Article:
In 2014, I was diagnosed with ulcerative colitis (UC). I have a culinary arts degree and spent many years in the restaurant industry after my diagnosis, but the 60- to 70-hour workweeks were taking a toll on my health.
My gastroenterologist suggested I change careers since I wasn’t getting better. Devastated, I stepped down from my position and switched industries. But I still had this lifelong culinary passion I wanted to share.
Over the course of several years, I tried many diets to help my UC symptoms. None was successful until I found the Specific Carbohydrate Diet (SCD). This diet was designed especially for those with Crohn’s disease and ulcerative colitis and, in addition to medication, has helped my symptoms tremendously.
This led me to find my new culinary dream and passion, which is creating and sharing classic dishes SCD-style. When starting this diet, I had a hard time finding my favorite recipes, so I decided to make them myself. I then started my blog to raise awareness, share my journey, and, of course, share my recipes.
I have met so many amazing people from the inflammatory bowel disease (IBD) community and am honored to be able to share my recipes and journey with you all.
I start my morning with a weak cup of black coffee. SCD does allow coffee, but it has to be watered down or very weak to minimize the effects of caffeine on the digestive tract.
I fill my cup halfway with regular coffee and then fill the rest of the cup with hot water. Then, I transfer it to a thermos so I can sip on it for a few hours.
I choose to do daily intermittent fasting. This means I can have my black coffee whenever I want after waking up, but I wait until noon to have the rest of my breakfast. Over a period of 24 hours, I fast for 16 hours and then have whatever I want in an 8-hour period. For me, that period is from noon to 8 p.m.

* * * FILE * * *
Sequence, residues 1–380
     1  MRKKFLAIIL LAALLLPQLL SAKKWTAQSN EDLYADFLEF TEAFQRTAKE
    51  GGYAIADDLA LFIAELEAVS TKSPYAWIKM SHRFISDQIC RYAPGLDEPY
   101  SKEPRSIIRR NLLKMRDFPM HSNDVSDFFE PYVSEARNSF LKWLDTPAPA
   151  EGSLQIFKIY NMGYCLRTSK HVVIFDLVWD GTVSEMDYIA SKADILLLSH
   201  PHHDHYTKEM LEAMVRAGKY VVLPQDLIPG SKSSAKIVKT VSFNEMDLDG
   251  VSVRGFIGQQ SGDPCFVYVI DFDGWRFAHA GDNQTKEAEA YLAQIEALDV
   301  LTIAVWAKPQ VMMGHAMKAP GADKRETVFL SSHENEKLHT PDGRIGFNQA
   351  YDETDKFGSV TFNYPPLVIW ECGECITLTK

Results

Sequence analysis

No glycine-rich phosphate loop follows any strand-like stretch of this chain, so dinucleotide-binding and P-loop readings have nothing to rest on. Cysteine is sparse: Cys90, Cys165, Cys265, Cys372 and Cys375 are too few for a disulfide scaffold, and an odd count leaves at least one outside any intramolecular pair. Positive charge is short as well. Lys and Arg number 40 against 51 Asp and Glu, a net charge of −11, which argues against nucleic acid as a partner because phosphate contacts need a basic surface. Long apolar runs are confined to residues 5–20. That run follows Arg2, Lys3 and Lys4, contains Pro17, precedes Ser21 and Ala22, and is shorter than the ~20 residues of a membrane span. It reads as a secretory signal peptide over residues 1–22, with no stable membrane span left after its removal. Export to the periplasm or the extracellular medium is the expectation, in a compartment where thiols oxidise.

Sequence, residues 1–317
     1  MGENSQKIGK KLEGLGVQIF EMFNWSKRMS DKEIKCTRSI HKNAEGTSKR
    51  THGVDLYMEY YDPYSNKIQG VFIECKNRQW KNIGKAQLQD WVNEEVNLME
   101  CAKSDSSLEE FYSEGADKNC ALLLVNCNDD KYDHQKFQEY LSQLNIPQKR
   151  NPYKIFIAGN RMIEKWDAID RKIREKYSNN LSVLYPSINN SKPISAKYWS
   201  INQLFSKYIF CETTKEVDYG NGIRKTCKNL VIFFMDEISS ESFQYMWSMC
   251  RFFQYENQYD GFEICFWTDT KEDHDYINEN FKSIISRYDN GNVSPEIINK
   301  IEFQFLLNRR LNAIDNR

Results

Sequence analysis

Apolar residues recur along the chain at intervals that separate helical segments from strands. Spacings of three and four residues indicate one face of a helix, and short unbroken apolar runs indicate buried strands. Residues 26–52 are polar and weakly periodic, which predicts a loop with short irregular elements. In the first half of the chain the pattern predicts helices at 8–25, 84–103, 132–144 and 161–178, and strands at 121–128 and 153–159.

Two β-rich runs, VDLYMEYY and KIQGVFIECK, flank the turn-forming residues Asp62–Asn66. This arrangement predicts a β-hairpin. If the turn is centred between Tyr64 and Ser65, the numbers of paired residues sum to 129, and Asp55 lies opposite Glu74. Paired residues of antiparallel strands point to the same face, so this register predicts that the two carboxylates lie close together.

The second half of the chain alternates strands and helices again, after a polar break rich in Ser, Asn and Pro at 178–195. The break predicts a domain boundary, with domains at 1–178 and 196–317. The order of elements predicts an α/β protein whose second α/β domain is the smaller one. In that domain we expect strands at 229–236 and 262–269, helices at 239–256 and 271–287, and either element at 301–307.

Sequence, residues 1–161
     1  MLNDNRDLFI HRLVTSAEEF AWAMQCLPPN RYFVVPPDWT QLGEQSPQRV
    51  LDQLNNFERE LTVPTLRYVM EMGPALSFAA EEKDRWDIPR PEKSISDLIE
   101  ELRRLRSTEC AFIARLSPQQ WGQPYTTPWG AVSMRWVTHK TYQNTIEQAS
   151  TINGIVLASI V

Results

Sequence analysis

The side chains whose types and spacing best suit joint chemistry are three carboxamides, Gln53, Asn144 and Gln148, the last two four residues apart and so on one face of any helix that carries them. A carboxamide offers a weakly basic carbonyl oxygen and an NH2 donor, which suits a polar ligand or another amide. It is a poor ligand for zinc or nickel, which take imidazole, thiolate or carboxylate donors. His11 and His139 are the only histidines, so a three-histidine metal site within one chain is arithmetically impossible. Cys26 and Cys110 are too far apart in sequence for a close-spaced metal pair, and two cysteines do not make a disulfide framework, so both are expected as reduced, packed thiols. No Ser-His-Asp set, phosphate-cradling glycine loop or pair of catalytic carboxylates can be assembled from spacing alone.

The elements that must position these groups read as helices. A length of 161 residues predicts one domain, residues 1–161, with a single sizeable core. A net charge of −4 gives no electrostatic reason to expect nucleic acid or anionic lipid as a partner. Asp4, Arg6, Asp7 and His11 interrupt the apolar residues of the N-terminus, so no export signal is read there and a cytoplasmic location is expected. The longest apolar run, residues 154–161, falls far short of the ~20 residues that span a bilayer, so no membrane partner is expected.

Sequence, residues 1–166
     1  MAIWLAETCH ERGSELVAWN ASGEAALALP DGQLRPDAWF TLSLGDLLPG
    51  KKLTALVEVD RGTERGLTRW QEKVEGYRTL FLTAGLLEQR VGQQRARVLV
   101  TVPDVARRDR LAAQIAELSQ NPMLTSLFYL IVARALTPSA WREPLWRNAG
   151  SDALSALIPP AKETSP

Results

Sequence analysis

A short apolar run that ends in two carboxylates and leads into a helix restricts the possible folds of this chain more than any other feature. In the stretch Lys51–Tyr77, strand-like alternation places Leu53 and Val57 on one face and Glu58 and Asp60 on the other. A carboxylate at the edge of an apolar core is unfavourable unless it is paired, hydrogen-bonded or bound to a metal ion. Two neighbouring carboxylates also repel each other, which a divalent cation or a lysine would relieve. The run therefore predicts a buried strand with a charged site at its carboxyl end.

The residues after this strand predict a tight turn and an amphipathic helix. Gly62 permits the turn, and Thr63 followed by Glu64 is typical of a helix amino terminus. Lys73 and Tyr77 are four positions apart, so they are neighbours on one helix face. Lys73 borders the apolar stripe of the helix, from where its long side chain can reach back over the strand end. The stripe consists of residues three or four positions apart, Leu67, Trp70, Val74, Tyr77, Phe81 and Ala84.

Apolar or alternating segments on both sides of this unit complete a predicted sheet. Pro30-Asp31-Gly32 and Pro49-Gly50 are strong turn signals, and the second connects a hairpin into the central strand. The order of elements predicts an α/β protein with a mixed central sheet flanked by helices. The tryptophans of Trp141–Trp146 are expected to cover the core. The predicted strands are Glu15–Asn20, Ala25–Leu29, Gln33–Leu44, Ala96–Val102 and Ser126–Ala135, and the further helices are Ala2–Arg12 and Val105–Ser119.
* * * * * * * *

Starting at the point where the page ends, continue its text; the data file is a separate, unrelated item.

Intermittent fasting allows the gut to have time to focus on healing and repairing itself instead of always having to focus on digestion, and it has helped my UC symptoms. Be sure to consult your doctor to see if it’s right for you before trying it out.
At noon, I have 1 cup of my SCD 24-hour fermented yogurt with 1/2 cup of fruit, 2 tablespoons of honey, and 9 or 10 unroasted cashews. The fruit provides antioxidants, and the cashews add some magnesium.
Fermenting the yogurt for 24 hours causes all the lactose (milk sugars) to break down, making it easier to digest. Good bacteria help with gut health and are a cornerstone of SCD.
If you’re dairy-free, you can make almond or coconut yogurt.
I have lunch at about 2:30 p.m. and usually have something lighter like this tarragon chicken salad. Because it was one of my favorite lunches of all time, I had to make an SCD version.
I like to pair this chicken salad with arugula since it’s less watery than romaine and I tolerate it better. Plus, arugula has more nutrients than romaine. Everyone with IBD is different, though, so find which lettuce works for you or forgo the lettuce altogether if you can’t tolerate it.
The chicken in this salad is rich in protein, and the grapes and celery count as a serving of fruits and vegetables. The mayonnaise adds fat and, most importantly, chicken salad’s classic flavor. The tarragon brings an herbaceous and bright note that rounds the dish out perfectly.
My husband isn’t a fan of grapes in chicken salad. If you aren’t either, feel free to omit them. The key is to make these recipes work for you.